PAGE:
"Many expats feel shame in connection with their competency as professionals." Well, this is what I mean. The shame comes from something portrayed, which is not adequate for purpose. Exaggerated skills or expectations, also that one is expected to be treated as a King or Queen. Professional respect has to be earned. I met some of the most arrogant and incompetent persons from Nigeria, on the other hand they do not ever feel ashamed. I think the "shame", might come from not knowing and being afraid to ask. The bulldozers on the other hand, never feel ashamed. So be couscous with the bulldozers, not the "ashames" ones.

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Gabriela Encina
Gabriela Encina
last week

I see your point Kean. And I actually agree with most of it. I do not understand your last phrase though. You are right, shame comes from insecurity and fear, in this case as you say, to ask something you might not know. I don't like to categorize people as "bulldozers" or "ashamed" , but again, I undertand what you mean. Thanks for the explanation!

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abthree
abthree
2 weeks ago

This is an extremely timely article. With social distancing in place in many countries because of the pandemic, there's a heightened danger of expats, especially singles, feeling isolated, lonely, and ineffective.

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Gabriela Encina
Gabriela Encina
2 weeks ago

Thank you so much abthree. It is indeed timely and the circumstances have exacerbated feelings of uncertainty, lonelines and shame. Hopefully lots of them feel less alone and more resourceful after reading this article :-)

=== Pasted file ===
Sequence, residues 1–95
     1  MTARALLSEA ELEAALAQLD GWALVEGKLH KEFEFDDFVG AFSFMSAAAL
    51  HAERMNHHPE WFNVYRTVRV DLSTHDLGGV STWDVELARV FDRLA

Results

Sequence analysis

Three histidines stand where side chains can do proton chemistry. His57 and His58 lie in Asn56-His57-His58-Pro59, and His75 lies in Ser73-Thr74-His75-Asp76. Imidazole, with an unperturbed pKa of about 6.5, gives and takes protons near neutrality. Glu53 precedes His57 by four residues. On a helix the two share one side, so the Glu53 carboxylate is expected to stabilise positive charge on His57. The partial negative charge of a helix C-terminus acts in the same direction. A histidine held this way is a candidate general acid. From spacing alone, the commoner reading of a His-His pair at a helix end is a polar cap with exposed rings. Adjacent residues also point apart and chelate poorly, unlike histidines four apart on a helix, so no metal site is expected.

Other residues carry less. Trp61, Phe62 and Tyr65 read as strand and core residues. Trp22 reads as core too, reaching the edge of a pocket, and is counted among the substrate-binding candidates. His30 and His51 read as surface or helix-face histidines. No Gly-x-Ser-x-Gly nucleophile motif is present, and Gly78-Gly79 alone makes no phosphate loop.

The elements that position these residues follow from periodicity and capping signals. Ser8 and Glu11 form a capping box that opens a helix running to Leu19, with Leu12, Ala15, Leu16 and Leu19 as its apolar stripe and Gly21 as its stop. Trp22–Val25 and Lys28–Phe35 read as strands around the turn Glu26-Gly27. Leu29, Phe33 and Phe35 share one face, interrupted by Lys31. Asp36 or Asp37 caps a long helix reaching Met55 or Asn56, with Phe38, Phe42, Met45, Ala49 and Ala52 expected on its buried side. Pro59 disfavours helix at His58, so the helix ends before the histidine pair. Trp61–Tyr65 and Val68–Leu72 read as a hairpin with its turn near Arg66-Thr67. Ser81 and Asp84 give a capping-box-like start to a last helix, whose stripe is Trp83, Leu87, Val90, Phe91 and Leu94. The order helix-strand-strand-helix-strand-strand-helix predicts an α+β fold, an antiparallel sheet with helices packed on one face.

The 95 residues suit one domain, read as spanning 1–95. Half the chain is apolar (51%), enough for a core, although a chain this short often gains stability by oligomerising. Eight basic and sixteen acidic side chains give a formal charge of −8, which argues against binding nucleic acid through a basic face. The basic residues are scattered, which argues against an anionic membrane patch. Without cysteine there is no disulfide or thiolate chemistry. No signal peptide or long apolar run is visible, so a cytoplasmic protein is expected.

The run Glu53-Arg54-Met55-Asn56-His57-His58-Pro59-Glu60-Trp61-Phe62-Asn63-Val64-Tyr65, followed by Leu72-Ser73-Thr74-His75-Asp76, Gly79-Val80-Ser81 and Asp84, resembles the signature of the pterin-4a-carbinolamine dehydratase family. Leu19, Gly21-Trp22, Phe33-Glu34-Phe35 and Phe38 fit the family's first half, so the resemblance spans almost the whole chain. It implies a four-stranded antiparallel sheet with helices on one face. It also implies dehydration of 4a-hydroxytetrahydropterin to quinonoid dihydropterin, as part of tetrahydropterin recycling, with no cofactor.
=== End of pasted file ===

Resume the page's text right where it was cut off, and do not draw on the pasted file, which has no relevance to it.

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lamyo
lamyo
2 weeks ago

An interesting article Gabriella. Surprised there are not more responses to it. It seems that most people are successful in their endeavours to live abroad. For those that are not I will be interested to hear their stories.

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Gabriela Encina
Gabriela Encina
2 weeks ago

Thanks for your comment lamyo. Like I explain in the interview, secrecy feeds shame. It is very difficult that people talk about, because some of them may see it as a character flaw or sign of weakness. I hear this stories when my clients first come to me: it is extremely difficult, even with their psychologist, to accept and embrace this shame as part of their vulnerability. Let's hope that with this article we can talk about it more!